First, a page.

Source: Mainichi Japan https://mainichi.jp/english/articles/20 ... bu/097000c Accessed: May 27, 2022
Source: Mainichi Japan https://mainichi.jp/english/articles/20 ... bu/097000c Accessed: May 27, 2022Yoshiyuki Kasai, the honorary chairman of Central Japan Railway Co. who played a key role in privatizing Japan National Railways in the late 1980s, has died of interstitial pneumonia, the train operator said Friday. He was 81.
Kasai, who died Wednesday, was one of the three key figures along with the former presidents of JR East and JR West who led the reform of Japan's railway system and breakup of the state-owned operator in 1987. The privatization created six regional passenger and one freight rail operator along with several other private companies.
The Tokyo native sought to sell the firm's high-speed railway systems such as maglev trains overseas, saying that its maglev technology would "take the lead in ultrafast transport services in the 21st century." In 2010, Kasai and then-U.S. Transportation Secretary Ray LaHood took a demonstration ride on a maglev in Japan amid hopes to sell the system to the United States.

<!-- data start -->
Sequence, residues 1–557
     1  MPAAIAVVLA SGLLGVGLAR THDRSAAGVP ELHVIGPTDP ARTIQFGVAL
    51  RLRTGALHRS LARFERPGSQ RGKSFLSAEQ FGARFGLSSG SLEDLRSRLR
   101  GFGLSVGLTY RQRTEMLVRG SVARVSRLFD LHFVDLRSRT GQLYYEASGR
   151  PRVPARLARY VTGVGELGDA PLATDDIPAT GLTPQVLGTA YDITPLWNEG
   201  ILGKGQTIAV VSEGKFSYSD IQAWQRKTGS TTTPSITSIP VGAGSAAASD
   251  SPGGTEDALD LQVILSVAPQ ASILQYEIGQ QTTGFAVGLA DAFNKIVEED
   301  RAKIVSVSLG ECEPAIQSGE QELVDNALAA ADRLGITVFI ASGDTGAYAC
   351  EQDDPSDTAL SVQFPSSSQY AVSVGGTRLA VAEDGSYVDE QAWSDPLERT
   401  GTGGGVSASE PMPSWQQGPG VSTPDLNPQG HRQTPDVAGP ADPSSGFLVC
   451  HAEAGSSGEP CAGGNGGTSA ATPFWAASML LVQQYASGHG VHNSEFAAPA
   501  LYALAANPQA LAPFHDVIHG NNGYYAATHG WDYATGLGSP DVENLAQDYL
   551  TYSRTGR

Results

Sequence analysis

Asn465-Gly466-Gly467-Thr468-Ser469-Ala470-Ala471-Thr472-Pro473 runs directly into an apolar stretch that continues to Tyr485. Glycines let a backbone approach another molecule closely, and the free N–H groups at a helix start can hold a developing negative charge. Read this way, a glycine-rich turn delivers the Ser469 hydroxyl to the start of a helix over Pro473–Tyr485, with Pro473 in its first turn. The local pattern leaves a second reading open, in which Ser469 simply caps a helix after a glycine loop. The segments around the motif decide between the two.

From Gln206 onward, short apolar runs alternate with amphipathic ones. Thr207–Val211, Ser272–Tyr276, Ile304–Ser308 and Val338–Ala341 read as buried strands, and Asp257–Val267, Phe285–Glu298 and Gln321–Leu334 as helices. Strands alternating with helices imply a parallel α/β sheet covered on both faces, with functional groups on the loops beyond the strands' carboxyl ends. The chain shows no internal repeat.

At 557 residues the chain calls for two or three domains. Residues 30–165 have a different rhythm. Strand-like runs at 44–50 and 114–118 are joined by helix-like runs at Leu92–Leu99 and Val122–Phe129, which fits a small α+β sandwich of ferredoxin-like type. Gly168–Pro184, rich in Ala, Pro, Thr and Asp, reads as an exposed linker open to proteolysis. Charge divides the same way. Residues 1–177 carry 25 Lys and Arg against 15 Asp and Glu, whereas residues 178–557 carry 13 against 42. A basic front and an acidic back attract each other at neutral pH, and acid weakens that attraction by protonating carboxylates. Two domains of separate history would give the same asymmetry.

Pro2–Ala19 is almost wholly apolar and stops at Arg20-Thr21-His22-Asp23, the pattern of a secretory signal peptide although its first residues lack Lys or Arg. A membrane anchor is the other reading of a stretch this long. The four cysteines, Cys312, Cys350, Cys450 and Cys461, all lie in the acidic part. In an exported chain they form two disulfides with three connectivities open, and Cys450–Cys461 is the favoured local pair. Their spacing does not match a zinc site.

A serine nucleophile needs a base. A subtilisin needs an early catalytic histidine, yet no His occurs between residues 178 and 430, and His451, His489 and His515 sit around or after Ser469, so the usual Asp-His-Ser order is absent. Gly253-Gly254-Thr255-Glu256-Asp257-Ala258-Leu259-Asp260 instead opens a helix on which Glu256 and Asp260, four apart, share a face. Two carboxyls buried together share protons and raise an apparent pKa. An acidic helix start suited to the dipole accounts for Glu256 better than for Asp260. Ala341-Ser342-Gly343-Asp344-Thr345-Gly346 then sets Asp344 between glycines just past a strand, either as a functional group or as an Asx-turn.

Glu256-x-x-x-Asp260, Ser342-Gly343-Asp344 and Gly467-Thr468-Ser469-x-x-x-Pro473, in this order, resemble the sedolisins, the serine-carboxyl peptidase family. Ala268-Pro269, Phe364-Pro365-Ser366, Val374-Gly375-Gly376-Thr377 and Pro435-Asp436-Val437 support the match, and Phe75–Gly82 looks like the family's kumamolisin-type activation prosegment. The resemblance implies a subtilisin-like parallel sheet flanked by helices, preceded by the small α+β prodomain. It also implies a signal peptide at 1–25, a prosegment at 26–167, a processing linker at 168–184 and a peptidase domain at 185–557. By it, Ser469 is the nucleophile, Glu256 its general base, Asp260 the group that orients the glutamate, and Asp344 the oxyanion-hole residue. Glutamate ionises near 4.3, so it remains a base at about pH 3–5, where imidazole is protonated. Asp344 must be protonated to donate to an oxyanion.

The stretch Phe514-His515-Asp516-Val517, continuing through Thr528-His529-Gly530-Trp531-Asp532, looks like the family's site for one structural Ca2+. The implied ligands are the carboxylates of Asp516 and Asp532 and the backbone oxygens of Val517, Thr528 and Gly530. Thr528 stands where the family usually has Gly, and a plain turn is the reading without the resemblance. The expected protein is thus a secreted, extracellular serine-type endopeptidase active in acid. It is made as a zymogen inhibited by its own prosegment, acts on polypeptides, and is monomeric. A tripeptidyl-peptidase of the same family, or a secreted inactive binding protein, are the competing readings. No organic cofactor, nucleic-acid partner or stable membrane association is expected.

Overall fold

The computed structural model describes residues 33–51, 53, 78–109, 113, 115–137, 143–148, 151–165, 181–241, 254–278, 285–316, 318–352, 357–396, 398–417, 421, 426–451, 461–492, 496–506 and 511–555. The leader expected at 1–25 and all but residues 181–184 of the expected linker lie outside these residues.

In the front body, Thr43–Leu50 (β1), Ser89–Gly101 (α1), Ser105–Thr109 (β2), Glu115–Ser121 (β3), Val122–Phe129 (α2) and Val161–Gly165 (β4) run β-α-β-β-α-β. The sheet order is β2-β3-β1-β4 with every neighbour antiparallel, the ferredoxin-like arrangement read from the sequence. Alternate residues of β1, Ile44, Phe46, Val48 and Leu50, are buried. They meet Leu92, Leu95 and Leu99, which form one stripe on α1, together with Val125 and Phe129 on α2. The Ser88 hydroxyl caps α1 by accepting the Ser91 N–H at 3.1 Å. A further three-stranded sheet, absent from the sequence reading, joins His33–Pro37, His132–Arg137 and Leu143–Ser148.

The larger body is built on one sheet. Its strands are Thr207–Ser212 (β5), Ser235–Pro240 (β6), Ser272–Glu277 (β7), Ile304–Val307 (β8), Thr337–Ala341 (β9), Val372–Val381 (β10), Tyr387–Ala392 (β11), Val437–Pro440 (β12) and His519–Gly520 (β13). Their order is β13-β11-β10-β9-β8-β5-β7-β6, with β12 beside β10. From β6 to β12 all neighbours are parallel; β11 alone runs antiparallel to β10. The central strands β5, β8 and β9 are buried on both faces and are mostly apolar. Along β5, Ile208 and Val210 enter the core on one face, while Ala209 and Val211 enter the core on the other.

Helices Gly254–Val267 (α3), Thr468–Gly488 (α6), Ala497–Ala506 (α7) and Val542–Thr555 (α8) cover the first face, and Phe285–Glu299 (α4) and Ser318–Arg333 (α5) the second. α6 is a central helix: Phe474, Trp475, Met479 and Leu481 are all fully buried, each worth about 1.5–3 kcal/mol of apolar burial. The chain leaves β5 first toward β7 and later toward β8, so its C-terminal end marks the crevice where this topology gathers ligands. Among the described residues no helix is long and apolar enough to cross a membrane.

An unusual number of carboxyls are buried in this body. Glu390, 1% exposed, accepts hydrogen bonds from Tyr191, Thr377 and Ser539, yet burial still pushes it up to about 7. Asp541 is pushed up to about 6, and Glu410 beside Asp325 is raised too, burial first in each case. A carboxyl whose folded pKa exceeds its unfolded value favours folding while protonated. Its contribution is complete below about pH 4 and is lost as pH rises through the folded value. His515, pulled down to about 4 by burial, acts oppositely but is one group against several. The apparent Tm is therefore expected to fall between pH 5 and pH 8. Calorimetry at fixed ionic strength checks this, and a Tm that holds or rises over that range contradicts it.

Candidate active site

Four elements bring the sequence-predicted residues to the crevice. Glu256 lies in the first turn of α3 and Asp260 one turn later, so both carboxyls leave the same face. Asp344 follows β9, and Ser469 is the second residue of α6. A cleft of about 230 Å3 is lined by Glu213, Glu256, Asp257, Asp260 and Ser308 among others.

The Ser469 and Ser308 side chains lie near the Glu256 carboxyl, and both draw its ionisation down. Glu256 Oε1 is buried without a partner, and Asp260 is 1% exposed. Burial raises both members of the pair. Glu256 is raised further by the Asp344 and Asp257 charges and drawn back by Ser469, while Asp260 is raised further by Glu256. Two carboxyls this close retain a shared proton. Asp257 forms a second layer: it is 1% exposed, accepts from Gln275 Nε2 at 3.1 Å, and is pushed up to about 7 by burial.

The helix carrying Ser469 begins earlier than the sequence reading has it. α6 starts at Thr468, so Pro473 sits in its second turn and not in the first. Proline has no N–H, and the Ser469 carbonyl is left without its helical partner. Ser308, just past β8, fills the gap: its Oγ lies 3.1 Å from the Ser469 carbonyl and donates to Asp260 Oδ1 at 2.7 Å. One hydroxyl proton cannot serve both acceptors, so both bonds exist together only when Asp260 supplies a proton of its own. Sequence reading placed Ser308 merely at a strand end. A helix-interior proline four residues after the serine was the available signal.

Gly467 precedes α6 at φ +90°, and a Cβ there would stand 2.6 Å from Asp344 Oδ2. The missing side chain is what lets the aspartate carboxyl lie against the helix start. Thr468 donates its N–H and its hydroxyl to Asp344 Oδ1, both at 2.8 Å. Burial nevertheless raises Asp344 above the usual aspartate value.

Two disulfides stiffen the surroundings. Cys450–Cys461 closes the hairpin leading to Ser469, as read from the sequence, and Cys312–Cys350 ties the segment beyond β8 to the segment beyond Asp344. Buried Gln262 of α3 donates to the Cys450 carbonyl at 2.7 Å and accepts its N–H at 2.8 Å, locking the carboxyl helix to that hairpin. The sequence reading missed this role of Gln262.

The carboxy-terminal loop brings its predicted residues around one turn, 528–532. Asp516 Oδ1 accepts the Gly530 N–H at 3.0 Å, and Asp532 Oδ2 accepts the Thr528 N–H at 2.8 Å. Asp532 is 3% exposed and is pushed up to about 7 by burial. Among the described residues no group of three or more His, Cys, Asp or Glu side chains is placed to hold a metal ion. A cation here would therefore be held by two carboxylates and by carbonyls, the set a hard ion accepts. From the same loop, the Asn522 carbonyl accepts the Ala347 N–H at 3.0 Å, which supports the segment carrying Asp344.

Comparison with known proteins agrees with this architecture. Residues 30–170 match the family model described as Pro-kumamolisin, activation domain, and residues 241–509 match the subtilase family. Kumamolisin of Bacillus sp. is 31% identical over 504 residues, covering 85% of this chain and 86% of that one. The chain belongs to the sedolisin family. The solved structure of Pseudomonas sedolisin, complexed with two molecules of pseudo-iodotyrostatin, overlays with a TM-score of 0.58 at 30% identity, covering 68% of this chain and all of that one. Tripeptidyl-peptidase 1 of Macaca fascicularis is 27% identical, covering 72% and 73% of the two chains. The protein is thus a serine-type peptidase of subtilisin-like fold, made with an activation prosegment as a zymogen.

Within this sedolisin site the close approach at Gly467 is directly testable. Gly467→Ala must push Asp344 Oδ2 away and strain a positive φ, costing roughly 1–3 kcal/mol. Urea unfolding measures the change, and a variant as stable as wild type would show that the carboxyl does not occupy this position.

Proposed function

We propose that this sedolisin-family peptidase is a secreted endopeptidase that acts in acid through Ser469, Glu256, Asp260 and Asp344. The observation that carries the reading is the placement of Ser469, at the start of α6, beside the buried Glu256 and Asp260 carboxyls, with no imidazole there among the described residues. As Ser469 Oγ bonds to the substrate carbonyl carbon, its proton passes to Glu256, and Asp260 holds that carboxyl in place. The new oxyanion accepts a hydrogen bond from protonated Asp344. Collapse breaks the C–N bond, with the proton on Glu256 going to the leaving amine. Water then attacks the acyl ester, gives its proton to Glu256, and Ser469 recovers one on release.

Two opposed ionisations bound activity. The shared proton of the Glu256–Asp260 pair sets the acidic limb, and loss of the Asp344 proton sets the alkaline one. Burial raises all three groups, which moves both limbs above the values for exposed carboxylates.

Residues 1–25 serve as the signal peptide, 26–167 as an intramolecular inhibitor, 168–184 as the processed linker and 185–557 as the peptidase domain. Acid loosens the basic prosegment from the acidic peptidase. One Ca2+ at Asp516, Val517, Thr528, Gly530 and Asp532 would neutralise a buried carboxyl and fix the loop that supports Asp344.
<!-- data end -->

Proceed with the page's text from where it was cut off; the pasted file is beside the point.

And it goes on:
At home, Kasai pushed a plan for maglev trains called Linear Chuo Shinkansen to run at speeds of up to 500 kilometers per hour to connect Tokyo and Nagoya, located 286 kilometers apart, in 40 minutes, less than half the time taken by existing shinkansen trains.
But he was cautious about exporting Japan's shinkensen bullet train system to China out of concerns over the transfer of key technology to the country.